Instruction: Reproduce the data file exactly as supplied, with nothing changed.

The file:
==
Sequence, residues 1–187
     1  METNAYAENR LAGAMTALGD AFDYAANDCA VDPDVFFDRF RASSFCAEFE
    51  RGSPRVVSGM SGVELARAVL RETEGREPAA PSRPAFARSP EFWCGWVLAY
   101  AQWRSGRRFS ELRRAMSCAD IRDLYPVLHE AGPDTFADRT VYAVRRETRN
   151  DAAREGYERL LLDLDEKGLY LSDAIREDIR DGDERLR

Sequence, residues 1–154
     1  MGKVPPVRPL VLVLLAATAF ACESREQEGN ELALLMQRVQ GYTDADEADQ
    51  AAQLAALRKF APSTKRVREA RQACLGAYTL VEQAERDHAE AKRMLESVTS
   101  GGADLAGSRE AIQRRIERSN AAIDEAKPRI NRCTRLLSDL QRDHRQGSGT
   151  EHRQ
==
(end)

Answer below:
Sequence, residues 1–187
     1  METNAYAENR LAGAMTALGD AFDYAANDCA VDPDVFFDRF RASSFCAEFE
    51  RGSPRVVSGM SGVELARAVL RETEGREPAA PSRPAFARSP EFWCGWVLAY
   101  AQWRSGRRFS ELRRAMSCAD IRDLYPVLHE AGPDTFADRT VYAVRRETRN
   151  DAAREGYERL LLDLDEKGLY LSDAIREDIR DGDERLR

Sequence, residues 1–154
     1  MGKVPPVRPL VLVLLAATAF ACESREQEGN ELALLMQRVQ GYTDADEADQ
    51  AAQLAALRKF APSTKRVREA RQACLGAYTL VEQAERDHAE AKRMLESVTS
   101  GGADLAGSRE AIQRRIERSN AAIDEAKPRI NRCTRLLSDL QRDHRQGSGT
   151  EHRQ